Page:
Next, using the implant as the positive electrode and platinum as the negative electrode, a magnesium titanate oxide film is formed on the surface of the implant by inducing microarc on the positive electrode surface thereof at a low voltage of about 60 to 500 V. Although a mechanism of forming the magnesium titanate oxide film is not fully known, it is believed that magnesium ions or magnesium complex ion compounds undergo colloidal deposition by a driving force of electric field.

The magnesium titanate oxide film in accordance with the present invention provides creative and exclusive chemical constitution, differing from a conventional oxide film implant. FIGS. 1 and 2 are electron micrographs of an osseoinductive magnesium titanate oxide film implant after anodic oxidation in accordance with the present invention, respectively. FIG. 1 is an electron micrograph of the surface of an osseoinductive magnesium titanate oxide film, and FIG. 2 is a longitudinal cross-sectional view of the surface of the osseoinductive magnesium titanate oxide film implant. As shown in FIG. 1, since the surface of the magnesium titanate oxide film has a porous magnesium titanate surface, it may induce ingrowth of bone tissue into those pores, thereby resulting in a strong mechanical binding between the implant and bone tissue. As shown in FIG. 2, the osseoinductive magnesium titanate oxide film implant in accordance with the present invention comprise of an implant body 1 made up of titanium or a titanium alloy and magnesium titanate oxide films 2 and 3, the magnesium titanate oxide film being further divided into the surface porous oxide layer 3 and a barrier oxide layer 2 formed between the surface and implant body.

In addition, in order to ensure prolonged and successful function of the implant in vivo, the oxide film should have excellent mechanical properties (for example, compressive strength and tensile strength). In order to structurally reinforce mechanical properties of the titanium oxide film containing magnesium, the present invention increases current density up to 4,000 mA/cm2, when performing anodic oxidation. Increasing current density increases the growth rate of the barrier oxide layer on the implant surface, and the thickness of the lower barrier oxide layer 2 becomes relatively thicker, as compared to that of the surface porous oxide layer 3. As a result, the magnesium titanate oxide film in accordance with the present invention has structural characteristics which are more highly resistant to external forces, as compared to the conventional oxide film implant in which the entire oxide film is filled with pores or channels.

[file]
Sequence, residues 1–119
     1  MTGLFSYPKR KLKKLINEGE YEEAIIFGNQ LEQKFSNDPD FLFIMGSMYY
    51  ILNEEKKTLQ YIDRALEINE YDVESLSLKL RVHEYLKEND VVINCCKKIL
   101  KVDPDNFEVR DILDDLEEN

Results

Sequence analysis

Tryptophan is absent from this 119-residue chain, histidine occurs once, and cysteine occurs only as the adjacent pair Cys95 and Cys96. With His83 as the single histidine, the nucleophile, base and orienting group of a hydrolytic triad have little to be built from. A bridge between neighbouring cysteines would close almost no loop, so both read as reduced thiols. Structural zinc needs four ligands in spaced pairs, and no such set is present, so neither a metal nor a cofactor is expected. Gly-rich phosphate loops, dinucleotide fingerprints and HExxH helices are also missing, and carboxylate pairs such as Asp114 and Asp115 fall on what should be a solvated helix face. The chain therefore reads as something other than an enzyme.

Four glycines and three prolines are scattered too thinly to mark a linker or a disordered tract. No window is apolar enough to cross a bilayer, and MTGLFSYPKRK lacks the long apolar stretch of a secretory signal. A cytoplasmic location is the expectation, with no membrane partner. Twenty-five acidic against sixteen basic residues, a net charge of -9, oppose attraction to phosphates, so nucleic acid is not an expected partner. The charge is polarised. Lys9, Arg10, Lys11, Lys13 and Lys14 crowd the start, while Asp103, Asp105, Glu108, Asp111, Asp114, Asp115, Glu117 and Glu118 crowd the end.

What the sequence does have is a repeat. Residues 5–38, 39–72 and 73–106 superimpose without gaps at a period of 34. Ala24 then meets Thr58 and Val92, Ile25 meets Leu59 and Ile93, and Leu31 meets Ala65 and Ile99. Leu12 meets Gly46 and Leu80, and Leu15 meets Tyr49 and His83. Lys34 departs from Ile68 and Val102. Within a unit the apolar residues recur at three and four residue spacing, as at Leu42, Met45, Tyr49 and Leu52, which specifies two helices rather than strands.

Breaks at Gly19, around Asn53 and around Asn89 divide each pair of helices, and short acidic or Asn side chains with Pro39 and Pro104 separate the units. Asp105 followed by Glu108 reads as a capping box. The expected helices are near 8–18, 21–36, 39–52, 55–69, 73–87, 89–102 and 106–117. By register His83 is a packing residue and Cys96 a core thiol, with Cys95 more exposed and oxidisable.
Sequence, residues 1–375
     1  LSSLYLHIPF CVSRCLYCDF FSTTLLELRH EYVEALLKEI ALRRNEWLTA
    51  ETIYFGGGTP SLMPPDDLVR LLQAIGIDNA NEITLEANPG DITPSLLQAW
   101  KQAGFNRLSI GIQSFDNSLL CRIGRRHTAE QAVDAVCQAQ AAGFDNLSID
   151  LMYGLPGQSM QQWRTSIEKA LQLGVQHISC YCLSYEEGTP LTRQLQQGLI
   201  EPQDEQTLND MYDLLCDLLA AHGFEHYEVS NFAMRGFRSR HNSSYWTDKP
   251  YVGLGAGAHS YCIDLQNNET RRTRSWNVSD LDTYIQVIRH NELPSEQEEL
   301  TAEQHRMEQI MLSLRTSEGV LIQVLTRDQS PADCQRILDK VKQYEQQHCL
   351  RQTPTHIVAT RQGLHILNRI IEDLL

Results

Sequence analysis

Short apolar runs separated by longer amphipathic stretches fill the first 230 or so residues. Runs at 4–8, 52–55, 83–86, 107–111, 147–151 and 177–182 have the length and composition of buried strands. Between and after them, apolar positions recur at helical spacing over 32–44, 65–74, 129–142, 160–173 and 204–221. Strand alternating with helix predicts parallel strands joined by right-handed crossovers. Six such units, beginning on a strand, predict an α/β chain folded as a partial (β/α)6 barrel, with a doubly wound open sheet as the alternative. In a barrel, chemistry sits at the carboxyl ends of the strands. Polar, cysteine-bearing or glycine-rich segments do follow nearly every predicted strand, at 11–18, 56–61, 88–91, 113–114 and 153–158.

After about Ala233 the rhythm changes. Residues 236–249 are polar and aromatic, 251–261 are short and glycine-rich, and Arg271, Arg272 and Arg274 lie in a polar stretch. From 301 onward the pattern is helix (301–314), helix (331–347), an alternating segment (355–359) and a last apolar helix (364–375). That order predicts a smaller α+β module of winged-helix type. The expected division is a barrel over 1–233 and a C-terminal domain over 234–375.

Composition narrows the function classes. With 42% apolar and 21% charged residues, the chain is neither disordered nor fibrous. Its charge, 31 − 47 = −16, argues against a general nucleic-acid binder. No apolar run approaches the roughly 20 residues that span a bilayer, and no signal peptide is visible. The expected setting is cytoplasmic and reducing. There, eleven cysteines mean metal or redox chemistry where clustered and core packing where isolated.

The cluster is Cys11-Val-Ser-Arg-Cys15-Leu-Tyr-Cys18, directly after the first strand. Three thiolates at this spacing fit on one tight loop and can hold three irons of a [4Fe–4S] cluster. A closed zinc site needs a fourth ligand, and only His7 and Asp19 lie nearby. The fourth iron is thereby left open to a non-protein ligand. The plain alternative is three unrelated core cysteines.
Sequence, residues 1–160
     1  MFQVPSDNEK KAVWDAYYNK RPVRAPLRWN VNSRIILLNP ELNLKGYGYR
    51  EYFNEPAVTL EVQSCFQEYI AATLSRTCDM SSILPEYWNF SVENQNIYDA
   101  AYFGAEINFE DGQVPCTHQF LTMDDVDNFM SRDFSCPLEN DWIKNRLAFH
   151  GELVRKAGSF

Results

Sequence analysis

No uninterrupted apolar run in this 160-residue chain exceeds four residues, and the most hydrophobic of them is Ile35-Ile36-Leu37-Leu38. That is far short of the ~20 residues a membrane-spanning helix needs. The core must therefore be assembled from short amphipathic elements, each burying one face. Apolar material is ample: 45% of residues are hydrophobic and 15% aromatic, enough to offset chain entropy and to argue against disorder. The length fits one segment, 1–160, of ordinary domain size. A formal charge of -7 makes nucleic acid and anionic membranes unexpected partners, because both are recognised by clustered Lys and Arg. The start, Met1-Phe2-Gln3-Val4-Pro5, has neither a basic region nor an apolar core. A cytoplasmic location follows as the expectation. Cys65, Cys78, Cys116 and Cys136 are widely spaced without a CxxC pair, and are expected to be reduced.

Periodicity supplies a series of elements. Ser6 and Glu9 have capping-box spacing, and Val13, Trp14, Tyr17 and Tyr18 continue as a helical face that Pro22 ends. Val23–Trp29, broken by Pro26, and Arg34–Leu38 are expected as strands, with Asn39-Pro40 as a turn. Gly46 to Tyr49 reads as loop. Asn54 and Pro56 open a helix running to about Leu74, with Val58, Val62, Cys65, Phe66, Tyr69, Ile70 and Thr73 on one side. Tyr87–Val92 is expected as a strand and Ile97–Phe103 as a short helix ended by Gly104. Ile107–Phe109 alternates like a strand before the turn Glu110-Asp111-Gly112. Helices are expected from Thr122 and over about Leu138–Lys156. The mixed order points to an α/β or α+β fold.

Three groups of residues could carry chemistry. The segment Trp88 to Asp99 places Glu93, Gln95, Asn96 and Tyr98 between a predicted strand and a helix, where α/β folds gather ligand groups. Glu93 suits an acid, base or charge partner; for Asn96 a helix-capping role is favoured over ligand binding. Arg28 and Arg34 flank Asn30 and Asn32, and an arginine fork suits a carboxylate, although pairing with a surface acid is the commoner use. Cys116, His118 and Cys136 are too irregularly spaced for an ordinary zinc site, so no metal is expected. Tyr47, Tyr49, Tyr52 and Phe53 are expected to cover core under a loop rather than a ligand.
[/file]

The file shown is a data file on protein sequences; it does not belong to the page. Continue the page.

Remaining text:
Further, as another method of increasing the growth rate of the titanium oxide film containing magnesium, the temperature of the solution is kept within 30 C. as much as possible.

Meanwhile, the thicker the oxide film is, the lower the mechanical strength such as tensile strength and compressive strength of the oxide film is, and thus, the titanate oxide film may be delaminated into bone tissue from the interface between the implant and bone tissue. The present invention provides optimized magnesium titanate oxide (TixMgyOz) thickness to effect successful osseointegration of the magnesium titanate oxide film implant. In order to accomplish this, at the same time, the present invention provides voltage (ranging from 60 to 500 V) producing the corresponding optimized thickness formation of the oxide film.

Additionally, in order to prevent weakening of mechanical strength of the magnesium titanate oxide film due to chemical and structural defects thereof resulting from capture of gas (largely, O2, H2), which is produced in the course of a low voltage dielectric breakdown anodic oxidation process, on the positive electrode surface of the implant, agitation rate of a stirrer is maintained at more than 500 rpm to minimize gas adsorption on the positive electrode surface of the implant.

Osseoinductive surface properties such as magnesium content and surface processibility, shape of the surface, and thickness of the oxide film in the magnesium titanate oxide film may vary depending on various factors such as the composition ratio of the solution, applied voltage, current density, solution temperature, agitation rate and pH. Except for these properties, the magnesium titanate oxide film in accordance with the present invention can be formed by using any conventional anodic oxidation methods and apparatuses.